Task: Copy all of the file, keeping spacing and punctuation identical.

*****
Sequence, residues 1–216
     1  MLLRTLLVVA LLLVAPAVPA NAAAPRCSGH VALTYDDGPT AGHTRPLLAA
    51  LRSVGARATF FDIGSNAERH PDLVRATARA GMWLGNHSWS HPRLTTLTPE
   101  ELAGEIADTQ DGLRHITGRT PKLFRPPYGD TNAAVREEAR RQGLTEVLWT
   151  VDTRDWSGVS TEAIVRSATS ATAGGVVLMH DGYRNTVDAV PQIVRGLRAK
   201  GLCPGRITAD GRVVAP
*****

Sequence, residues 1–216
     1  MLLRTLLVVA LLLVAPAVPA NAAAPRCSGH VALTYDDGPT AGHTRPLLAA
    51  LRSVGARATF FDIGSNAERH PDLVRATARA GMWLGNHSWS HPRLTTLTPE
   101  ELAGEIADTQ DGLRHITGRT PKLFRPPYGD TNAAVREEAR RQGLTEVLWT
   151  VDTRDWSGVS TEAIVRSATS ATAGGVVLMH DGYRNTVDAV PQIVRGLRAK
   201  GLCPGRITAD GRVVAP